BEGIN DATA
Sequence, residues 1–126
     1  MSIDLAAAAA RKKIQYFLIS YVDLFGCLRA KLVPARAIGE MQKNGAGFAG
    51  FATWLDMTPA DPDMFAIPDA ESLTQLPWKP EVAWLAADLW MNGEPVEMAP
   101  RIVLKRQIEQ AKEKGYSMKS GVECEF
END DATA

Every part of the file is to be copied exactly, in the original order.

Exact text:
Sequence, residues 1–126
     1  MSIDLAAAAA RKKIQYFLIS YVDLFGCLRA KLVPARAIGE MQKNGAGFAG
    51  FATWLDMTPA DPDMFAIPDA ESLTQLPWKP EVAWLAADLW MNGEPVEMAP
   101  RIVLKRQIEQ AKEKGYSMKS GVECEF